High exposure to estrogens may lead to gallbladder cancer, according to a study published in the journal Proceedings of the National Academy of Sciences (2010 Aug 17;107(33):14763-8).
From the study, researchers at the University of Houston (UH) learned that inactivation of the liver X beta receptors, or LXRb, led to gallbladder lesions that developed and evolved into cancer in older female mice. However, by removing the ovaries and reducing estrogen levels, researchers were able to prevent the development of tumors in LXRb-/- mice.
The study authors said that one implication of the findings is drugs that decrease the level of estrogens might be added to the conventional treatment of gallbladder cancer. In addition, researchers also explained that the results could shed light upon mutations in the sequence of LXRb that may be responsible for this particular cancer, indicating a higher risk for the disease.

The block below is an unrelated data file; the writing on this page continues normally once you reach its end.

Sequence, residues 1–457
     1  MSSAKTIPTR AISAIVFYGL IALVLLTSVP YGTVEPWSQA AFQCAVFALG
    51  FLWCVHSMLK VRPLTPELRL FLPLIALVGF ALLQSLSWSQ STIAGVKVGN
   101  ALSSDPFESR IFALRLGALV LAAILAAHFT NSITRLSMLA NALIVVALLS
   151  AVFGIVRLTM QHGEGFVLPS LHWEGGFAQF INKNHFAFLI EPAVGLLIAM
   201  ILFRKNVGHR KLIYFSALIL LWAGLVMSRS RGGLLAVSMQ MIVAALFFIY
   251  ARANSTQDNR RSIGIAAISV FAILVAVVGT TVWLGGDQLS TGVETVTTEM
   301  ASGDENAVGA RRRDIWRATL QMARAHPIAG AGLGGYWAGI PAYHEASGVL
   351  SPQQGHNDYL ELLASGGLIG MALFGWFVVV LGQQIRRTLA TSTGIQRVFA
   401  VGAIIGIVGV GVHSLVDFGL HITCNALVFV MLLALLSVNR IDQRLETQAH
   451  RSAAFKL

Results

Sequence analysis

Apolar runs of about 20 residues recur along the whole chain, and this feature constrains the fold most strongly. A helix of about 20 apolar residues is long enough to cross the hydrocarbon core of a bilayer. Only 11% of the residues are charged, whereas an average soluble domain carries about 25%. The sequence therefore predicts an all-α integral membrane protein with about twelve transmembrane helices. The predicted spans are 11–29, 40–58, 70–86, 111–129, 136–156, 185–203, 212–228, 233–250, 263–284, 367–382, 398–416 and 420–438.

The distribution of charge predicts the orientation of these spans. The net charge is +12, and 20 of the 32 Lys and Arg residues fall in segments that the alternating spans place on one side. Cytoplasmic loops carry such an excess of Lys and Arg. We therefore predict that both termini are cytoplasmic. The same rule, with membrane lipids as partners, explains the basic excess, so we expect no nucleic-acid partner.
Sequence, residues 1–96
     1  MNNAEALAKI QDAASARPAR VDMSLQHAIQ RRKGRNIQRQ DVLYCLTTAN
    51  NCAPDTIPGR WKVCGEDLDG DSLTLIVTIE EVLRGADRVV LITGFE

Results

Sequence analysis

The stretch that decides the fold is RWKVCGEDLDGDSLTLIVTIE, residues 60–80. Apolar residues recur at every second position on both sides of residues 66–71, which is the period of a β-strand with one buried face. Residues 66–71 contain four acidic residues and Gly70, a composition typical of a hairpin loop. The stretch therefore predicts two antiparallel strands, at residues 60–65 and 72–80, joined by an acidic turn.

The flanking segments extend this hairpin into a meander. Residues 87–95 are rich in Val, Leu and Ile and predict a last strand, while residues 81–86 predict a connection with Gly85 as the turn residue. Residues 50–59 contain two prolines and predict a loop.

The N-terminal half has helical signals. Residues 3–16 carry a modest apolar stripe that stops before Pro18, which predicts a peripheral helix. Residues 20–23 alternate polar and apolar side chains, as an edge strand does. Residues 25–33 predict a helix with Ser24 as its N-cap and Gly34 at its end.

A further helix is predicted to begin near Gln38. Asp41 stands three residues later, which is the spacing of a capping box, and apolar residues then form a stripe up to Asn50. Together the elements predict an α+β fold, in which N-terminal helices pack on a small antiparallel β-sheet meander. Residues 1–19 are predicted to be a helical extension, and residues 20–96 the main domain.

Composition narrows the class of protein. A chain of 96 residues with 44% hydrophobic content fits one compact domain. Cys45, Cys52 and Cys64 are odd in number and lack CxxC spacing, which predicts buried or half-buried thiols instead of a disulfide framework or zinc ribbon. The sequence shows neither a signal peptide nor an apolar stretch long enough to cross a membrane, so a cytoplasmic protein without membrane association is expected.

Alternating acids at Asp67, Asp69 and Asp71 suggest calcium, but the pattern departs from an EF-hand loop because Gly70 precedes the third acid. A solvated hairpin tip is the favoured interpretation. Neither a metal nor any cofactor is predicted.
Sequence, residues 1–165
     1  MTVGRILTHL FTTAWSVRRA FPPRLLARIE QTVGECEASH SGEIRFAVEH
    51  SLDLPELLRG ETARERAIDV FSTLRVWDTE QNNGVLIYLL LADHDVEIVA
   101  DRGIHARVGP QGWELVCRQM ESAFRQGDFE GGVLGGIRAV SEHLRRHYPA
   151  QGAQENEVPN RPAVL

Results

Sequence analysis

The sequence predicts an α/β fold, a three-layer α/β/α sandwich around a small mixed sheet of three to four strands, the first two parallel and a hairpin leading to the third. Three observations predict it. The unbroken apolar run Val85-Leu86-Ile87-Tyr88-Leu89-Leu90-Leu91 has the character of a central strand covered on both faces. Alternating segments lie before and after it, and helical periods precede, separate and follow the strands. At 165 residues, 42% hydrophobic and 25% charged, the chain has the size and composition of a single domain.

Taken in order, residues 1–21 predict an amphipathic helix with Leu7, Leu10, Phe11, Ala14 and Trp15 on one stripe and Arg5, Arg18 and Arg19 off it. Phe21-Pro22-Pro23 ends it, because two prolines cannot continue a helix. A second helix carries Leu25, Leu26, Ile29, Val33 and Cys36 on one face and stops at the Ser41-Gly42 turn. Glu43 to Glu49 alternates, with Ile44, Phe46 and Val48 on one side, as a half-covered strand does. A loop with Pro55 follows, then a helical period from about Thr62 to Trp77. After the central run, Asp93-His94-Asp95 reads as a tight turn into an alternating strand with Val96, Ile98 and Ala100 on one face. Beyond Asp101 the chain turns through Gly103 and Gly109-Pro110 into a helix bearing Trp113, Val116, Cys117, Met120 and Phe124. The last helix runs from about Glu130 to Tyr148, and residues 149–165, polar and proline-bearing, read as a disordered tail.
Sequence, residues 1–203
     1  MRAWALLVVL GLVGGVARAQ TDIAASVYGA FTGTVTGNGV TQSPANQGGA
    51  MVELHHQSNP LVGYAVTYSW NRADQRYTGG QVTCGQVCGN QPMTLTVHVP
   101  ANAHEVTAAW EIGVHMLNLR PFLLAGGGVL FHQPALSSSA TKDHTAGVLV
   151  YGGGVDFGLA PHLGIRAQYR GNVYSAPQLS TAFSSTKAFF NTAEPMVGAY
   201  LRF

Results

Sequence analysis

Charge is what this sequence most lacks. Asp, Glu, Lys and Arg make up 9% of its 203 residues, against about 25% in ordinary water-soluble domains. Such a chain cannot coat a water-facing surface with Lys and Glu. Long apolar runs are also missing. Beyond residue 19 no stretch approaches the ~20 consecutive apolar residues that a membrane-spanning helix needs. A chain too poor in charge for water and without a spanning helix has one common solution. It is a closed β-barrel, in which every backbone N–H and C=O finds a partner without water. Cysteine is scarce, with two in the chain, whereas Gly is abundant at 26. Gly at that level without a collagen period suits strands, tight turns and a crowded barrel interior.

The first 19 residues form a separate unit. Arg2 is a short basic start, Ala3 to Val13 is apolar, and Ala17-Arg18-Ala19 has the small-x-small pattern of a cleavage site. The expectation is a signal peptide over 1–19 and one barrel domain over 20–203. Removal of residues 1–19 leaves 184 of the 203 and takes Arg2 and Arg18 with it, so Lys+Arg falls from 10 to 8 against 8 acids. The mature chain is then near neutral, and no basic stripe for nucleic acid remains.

“Going forward, we need to estimate exactly the levels of LXRb and its activators in human gallbladder cancers, particularly in female patients,” concluded Dr. Jan-Åke Gustafsson, Robert A. Welch Professor in UH’s biology and biochemistry department. “Once the presence and the function of LXRb in the human gallbladder are clear, we are going to test the potential effects of LXRb molecules on human gallbladder cancer cells.”